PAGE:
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Scottish man who attempted to lodge counterfeit €570k bank draft in Dublin is jailed for two years

By June 30, 2020 No Comments

A Scottish man whose “cack-handed” attempt to lodge a counterfeit €570,000 bank draft was spotted by an eagle -eyed bank teller has been jailed for two years.

Dublin Circuit Criminal Court heard Jagpal Alsingh (50) had been a hardworking family man whose life “unravelled.”

Alsingh, of Albion Road, Glasgow pleaded guilty to having a counterfeit bank draft in the sum of €568,100 in his custody at Bank of Ireland, O Connell Street on September 2, 2019 and producing a fake bank draft at Dublin Airport on May 14, 2019.

Alsingh, who has no previous convictions, has been in custody since his arrest last September.

Defence counsel, Padraig Dwyer SC, said Alsingh and his wife had run a laundry business together until they separated. Alsingh then began a new relationship and started working as a “consultant.”

He said his client’s life “went off the rails” and he now finds himself imprisoned in a foreign jurisdiction having been involved in “a very cack handed exercise”.

Mr Dwyer said Alsingh appeared to be a hard-working family man whose life has “unravelled.” He said he seems to have reached rock bottom and hopefully this will be a wake up call.

Judge Martin Nolan said it appeared Alsingh needed money on the day and procured some forged bank drafts which he attempted to lodge just before closing time but a “competent official” spotted it was not genuine.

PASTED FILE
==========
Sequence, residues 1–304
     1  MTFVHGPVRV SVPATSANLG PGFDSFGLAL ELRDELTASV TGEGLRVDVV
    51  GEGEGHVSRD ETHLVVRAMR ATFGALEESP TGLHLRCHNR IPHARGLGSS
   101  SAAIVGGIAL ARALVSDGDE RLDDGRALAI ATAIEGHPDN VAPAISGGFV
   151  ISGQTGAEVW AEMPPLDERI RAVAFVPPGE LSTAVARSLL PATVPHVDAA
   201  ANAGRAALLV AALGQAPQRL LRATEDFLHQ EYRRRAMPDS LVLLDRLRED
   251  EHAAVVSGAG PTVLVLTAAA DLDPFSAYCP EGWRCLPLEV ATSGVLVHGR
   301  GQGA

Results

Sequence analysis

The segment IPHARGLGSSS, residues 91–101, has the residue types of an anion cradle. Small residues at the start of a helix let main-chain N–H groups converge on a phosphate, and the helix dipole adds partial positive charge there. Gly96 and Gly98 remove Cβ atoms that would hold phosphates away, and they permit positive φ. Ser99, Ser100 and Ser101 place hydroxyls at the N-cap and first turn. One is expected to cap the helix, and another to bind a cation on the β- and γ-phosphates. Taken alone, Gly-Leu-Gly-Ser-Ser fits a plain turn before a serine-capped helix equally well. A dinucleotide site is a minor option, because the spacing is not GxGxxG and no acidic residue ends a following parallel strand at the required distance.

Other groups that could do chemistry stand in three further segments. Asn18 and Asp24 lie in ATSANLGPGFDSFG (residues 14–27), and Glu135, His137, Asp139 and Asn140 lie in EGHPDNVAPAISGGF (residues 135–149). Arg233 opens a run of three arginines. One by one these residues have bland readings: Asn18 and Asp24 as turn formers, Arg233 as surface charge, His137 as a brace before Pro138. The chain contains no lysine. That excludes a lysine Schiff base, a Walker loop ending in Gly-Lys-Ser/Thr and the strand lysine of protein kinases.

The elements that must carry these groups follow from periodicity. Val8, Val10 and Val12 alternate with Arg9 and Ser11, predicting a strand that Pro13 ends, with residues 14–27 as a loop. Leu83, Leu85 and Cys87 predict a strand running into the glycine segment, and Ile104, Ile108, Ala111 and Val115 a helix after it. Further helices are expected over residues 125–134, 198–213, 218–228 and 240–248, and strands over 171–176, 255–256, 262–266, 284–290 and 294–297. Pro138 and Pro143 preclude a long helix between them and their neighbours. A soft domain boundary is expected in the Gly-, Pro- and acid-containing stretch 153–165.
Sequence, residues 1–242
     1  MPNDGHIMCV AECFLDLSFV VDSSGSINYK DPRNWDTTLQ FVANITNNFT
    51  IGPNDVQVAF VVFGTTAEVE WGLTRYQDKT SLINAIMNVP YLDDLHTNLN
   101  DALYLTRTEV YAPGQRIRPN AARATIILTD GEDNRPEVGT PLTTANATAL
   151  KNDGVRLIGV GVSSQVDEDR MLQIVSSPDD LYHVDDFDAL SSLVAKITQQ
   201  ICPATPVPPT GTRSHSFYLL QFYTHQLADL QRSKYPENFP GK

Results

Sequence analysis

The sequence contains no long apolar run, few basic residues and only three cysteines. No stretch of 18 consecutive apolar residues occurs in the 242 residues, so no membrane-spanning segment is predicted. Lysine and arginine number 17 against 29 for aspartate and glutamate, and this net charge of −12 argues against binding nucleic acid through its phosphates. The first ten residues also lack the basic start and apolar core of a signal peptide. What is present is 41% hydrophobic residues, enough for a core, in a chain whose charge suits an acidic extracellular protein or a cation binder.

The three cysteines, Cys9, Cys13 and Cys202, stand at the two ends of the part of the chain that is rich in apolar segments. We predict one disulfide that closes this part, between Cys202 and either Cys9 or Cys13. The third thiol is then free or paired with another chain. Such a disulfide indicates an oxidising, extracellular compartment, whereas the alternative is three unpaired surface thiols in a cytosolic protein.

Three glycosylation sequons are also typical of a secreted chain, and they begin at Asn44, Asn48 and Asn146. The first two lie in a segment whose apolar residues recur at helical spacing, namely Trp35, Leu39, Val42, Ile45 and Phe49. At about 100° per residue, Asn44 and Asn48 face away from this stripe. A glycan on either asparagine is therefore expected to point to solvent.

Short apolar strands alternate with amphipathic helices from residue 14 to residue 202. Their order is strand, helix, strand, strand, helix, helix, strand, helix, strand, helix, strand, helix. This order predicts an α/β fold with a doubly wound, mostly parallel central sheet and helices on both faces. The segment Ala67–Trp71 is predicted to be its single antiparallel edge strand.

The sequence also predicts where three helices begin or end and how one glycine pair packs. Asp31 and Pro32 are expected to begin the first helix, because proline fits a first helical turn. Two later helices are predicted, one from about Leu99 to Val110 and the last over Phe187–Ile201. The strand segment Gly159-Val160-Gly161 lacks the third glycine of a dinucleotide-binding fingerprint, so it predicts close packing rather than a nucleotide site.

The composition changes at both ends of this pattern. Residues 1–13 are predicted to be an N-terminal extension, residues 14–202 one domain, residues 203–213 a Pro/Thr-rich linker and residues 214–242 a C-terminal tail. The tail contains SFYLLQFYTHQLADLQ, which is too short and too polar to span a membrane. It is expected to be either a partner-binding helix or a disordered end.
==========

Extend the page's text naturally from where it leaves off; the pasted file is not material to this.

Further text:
He noted Alsingh’s guilty plea, co-operation, testimonials and previously productive life. He took into account that to be put in prison at Alsingh’s age is traumatic.

Judge Nolan imposed a two year sentence which he backdated to when Alsingh went into custody.

Detective Gerard Carmondy told Michael Hourigan BL, prosecuting, that Bank of Ireland contacted gardai in relation to an attempt by Alsingh to lodge a draft at Bank of Ireland Dublin Airport on May 14, 2019. The draft was queried by the bank and retained. No loss was incurred.

The court heard the investigation found that Alsingh had opened a Bank of Ireland account in February 2019 with a fake utility bill to provide him with an address.

Det Gda Carmody said Alsingh was due to meet officials at Bank of Ireland on September 2, 2019 and was arrested when he arrived later that day. He was searched and an identical bank draft in the same amount of money was found on him.

Alsingh admitted setting up the bank account with false documentation but initially told gardai he was unaware the drafts were fake and suggested he had been tricked into using them.

Det Gda Carmondy agreed with Mr Dwyer that the bank teller told gardai that the draft “did not look real” as the colour was off. She said Alsingh had come in late “trying to rush her” and she knew something “dodgy” was going on.

The draft was later analysed and found to be missing a hologram as well as using the incorrect ink and colouring.

Irish Independent

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